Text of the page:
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Syringe Possession Arrests are Associated with Receptive Syringe Sharing in Two U.S.-Mexico Border Cities

Addiction, Vol. 103, No. 1, pp. 101-108, January 2008

Temple University Legal Studies Research Paper No. 2009-31

24 Pages Posted: 5 Feb 2009 Last revised: 17 May 2009

Robin A. Pollini

Pacific Institute for Research and Evaluation (PIRE)

Kimberly C. Brouwer

University of California San Diego, School of Medicine

Remedios M. Lozada

Patronado Pro-COMUSIDA

Rebeca Ramos

United States-Mexico Border Health Association, USA

Michelle Firestone Cruz

University of California, San Diego

Carlos Magis-Rodriguez

Centro Nacional para la Prevención y Control del VIH/SIDA (CENSIDA)

Patricia Case

The Fenway Institute, Fenway Health

Scott Burris

Center for Public Health Law Research, Temple University - James E. Beasley School of Law

Minya Pu

University of California, San Diego

Simon D. W. Frost

University of California, San Diego

Lawrence A. Palinkas

University of California, San Diego

Cari L. Miller

British Columbia Centre for Excellence in HIV/AIDS; University of British Columbia (UBC)

Steffanie A. Strathdee

University of California, San Diego – School of Medicine, Division of Global Public Health

Date Written: February 3, 2009

Abstract

Law enforcement activities have been found to negatively influence the health behavuor of injection drug users (IDUs) in many studies. This study, set in the Mexican border cities of Tijuana, Baja California, and Ciudad Juarez, Chihuahua, sought to identify factors associated with receptive syringe sharing among IDUs, and to elucidate the association between syringe possession arrests and syringe sharing. IDUs in Tijuana (N=222) and Cd. Juarez (N=206) were recruited using respondent driven sampling (RDS). An interviewer-administered survey was used to collect quantitative data on sociodemographic, behavioral and contextual characteristics, including self-reported syringe sharing and arrests for syringe possession. Associations with receptive syringe sharing were investigated using logistic regression with RDS adjustment. Overall, 48% of participants reported ever being arrested for carrying an unused/sterile syringe, even though syringe purchase and possession is legal in Mexico. Arrest for possessing unused/sterile syringes was independently associated with receptive syringe sharing, as were injecting in a shooting galler , injecting in the street , and injecting methamphetamine or cocaine (AOR=1.96; 95% CI: 1.15, 3.36). More than half of participants (57%) had been arrested for possessing a used syringe; in a second model, arrest for used syringe possession was also independently associated with receptive sharing. We thus documented high levels of syringe-related arrests in two Mexican-U.S. border cities and an independent association between these arrests and risky injection practices. Public health collaborations with law enforcement to modify the risk environment in which drug use occurs are essential to facilitate safer injection practices.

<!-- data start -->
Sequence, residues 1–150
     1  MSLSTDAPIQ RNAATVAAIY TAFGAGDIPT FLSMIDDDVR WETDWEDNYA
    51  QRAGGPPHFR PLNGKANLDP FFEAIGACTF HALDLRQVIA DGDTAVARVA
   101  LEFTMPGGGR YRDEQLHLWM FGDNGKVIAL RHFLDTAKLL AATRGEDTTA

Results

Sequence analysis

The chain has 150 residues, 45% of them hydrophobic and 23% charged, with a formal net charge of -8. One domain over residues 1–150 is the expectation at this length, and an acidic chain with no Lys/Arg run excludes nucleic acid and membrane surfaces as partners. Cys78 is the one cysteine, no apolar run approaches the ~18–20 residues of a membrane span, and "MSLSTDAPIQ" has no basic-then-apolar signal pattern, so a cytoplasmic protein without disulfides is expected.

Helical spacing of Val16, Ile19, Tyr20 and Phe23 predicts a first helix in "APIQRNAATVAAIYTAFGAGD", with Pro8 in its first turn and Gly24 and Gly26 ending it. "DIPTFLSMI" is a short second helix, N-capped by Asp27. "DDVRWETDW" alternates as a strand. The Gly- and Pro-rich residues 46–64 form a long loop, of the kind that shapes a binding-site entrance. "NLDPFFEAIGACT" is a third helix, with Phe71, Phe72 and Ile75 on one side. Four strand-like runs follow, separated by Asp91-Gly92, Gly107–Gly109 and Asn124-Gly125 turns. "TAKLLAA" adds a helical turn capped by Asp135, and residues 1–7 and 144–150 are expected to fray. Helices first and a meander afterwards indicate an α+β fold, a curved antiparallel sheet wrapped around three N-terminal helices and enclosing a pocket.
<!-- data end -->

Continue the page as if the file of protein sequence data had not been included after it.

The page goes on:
Keywords: injection drug use, police, HIV, Mexico, needle sharing, shooting galleries, public health

Suggested Citation

Pollini, Robin A. and Brouwer, Kimberly C. and Lozada, Remedios M. and Ramos, Rebeca and Cruz, Michelle Firestone and Magis-Rodriguez, Carlos and Case, Patricia and Burris, Scott and Pu, Minya and Frost, Simon D. W. and Palinkas, Lawrence A. and Miller, Cari L. and Strathdee, Steffanie A., Syringe Possession Arrests are Associated with Receptive Syringe Sharing in Two U.S.-Mexico Border Cities (February 3, 2009). Addiction, Vol. 103, No. 1, pp. 101-108, January 2008; Temple University Legal Studies Research Paper No. 2009-31. Available at SSRN: https://ssrn.com/abstract=1337323

Robin A. Pollini (Contact Author)

Pacific Institute for Research and Evaluation (PIRE) ( email )

11720 Beltsville Drive, Suite 900
Calverton, MD 20705
United States

Kimberly C. Brouwer

University of California San Diego, School of Medicine ( email )

9500 Gilman Drive
MC 0507
La Jolla, CA 92093-0507
United States

Remedios M. Lozada

Patronado Pro-COMUSIDA ( email )

Mexico

Rebeca Ramos

United States-Mexico Border Health Association, USA

United States

Michelle Firestone Cruz

University of California, San Diego

9500 Gilman Drive
Mail Code 0502
La Jolla, CA 92093-0112
United States

Carlos Magis-Rodriguez

Centro Nacional para la Prevención y Control del VIH/SIDA (CENSIDA)

Mexico

Patricia Case

The Fenway Institute, Fenway Health ( email )

800 Boylston Street
4th Floor
Boston, MA 02199
United States

Scott C. Burris

Center for Public Health Law Research, Temple University - James E. Beasley School of Law ( email )

1719 N. Broad Street
Philadelphia, PA 19122
United States
215-204-6576 (Phone)
215-204-1185 (Fax)

HOME PAGE: http://www.phlr.org

Minya Pu

University of California, San Diego

9500 Gilman Drive
Mail Code 0502
La Jolla, CA 92093-0112
United States

Simon D. W. Frost

University of California, San Diego

9500 Gilman Drive
Mail Code 0502
La Jolla, CA 92093-0112
United States

Lawrence A. Palinkas

University of California, San Diego

9500 Gilman Drive
Mail Code 0502
La Jolla, CA 92093-0112
United States

Cari L. Miller

British Columbia Centre for Excellence in HIV/AIDS ( email )

608 - 1081 Burranrd Street
Vancouver, British Columbia V6Z 1Y6
Canada

University of British Columbia (UBC)

2329 West Mall
Vancouver, British Columbia BC V6T 1Z4
Canada

Steffanie A. Strathdee

University of California, San Diego – School of Medicine, Division of Global Public Health ( email )

9500 Gilman Drive
Mail Code 0502
La Jolla, CA 92093-0112
United States

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